"In People v. Noll, 20 Cal. 164, this court said: 'The proceeding to determine the degree of the crime of murder after a plea of guilty is not a trial. No issue was joined upon which there could be a trial. There is no provision of the constitution which prevents a defendant from pleading guilty (to the indictment) instead of having a trial by jury. If he elects to plead guilty to the indictment, the provision of the statute for determining the degree of the guilt, for the purpose of fixing the punishment, does not deprive him of any right of trial by jury.'
"People v. Lennox, 67 Cal. 115 [7 P. 260], is to the same effect, and in Hallinger v. Davis, 146 U.S. 314 [13 S. Ct. 105, 36 L. Ed. 986], the supreme court of the United States declare[d] that a statutory provision conferring power on the court under such a plea, to determine the degree of crime violates no provision of the constitution of the United States.
"On the oral argument counsel made an additional point not presented in their brief, that this section is unconstitutional, because it does not provide any manner, or mode, whereby the court is to reach its determination as to the degree of crime; that it does not provide for the taking of evidence on the subject.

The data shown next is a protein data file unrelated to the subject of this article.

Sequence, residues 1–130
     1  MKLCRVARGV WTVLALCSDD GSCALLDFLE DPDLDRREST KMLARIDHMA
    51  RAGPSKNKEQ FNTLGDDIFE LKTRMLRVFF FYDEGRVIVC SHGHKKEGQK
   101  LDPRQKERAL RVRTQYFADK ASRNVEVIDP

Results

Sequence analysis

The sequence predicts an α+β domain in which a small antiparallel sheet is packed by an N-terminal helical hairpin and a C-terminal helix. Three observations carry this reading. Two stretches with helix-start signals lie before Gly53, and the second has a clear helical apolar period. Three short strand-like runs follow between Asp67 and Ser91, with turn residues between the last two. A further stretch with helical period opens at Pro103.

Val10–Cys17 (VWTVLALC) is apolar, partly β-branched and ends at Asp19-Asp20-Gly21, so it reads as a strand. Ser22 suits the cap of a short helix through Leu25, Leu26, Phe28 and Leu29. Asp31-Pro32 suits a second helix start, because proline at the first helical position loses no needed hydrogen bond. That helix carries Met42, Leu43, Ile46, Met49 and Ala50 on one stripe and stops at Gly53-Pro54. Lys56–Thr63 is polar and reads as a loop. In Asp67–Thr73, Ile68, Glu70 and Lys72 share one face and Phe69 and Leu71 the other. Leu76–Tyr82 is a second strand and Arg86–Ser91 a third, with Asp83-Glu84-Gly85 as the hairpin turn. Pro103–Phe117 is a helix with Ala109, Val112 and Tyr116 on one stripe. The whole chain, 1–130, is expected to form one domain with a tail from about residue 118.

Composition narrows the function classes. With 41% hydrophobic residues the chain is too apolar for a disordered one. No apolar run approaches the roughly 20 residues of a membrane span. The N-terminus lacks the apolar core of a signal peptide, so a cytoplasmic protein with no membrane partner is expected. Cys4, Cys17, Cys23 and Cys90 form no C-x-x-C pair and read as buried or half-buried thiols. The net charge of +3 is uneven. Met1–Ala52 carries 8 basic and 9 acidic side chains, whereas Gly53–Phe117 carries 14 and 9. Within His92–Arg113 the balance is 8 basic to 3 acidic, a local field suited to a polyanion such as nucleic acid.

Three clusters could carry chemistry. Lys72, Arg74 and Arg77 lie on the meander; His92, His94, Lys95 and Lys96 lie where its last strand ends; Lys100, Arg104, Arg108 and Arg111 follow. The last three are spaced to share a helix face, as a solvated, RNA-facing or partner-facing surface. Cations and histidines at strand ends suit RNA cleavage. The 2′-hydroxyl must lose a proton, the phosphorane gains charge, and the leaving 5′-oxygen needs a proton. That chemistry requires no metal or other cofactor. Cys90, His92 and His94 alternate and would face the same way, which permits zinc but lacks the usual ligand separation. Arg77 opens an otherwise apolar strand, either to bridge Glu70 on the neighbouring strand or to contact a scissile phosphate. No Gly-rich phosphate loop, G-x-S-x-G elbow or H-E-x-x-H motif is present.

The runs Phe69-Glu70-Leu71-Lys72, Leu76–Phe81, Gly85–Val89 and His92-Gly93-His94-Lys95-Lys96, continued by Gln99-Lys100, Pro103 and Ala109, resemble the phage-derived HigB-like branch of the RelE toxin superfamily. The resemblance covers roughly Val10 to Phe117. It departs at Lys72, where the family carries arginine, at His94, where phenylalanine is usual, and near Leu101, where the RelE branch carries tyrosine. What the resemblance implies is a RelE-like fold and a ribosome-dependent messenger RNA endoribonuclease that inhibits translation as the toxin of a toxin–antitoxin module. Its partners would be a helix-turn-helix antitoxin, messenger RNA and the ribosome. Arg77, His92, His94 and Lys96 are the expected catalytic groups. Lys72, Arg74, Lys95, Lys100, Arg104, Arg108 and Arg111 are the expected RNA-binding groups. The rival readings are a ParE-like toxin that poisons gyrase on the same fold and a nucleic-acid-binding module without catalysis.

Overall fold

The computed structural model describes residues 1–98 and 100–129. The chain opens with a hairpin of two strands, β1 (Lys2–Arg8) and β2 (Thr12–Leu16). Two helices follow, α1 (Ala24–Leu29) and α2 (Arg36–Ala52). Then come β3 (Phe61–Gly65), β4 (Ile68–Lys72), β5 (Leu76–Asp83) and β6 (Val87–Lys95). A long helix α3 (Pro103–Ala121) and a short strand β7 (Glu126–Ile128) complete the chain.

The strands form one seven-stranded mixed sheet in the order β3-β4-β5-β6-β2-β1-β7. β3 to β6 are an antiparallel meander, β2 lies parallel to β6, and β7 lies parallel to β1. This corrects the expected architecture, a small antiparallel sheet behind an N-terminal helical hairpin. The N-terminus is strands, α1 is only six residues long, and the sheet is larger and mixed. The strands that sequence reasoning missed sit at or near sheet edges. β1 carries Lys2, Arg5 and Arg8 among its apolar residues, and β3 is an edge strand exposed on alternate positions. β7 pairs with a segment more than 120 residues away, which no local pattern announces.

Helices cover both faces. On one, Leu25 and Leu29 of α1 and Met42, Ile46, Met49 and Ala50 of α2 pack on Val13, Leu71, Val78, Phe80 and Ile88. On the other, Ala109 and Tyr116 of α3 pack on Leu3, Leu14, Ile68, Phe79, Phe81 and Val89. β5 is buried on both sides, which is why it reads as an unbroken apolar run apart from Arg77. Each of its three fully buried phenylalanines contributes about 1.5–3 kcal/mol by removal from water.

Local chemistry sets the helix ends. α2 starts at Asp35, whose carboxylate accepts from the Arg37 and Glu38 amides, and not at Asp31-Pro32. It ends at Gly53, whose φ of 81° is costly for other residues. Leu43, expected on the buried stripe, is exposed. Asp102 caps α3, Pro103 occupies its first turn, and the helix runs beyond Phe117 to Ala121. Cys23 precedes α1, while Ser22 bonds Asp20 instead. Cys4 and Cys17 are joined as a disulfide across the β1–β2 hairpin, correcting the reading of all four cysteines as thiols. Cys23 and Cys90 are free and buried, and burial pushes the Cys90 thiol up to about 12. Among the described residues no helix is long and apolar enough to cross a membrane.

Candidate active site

"Jurisdiction to determine the matter is, however, expressly conferred on the court by the section. This means that there shall be a judicial determination, and where power is especially conferred upon a court of general jurisdiction to determine a particular question, and no special mode for that determination is pointed out, the jurisdiction conferred necessarily implies authority in such court to call to its assistance in determining the particular question, the same aid as is usually employed by it in reaching a judicial determination in other cases.
"The universal aid is evidence. This was the means employed by the lower court in determining the degree of crime in the case at bar. It is the only means by which a judicial determination can be had, and was the means which it was contemplated by the legislature should be invoked by the court.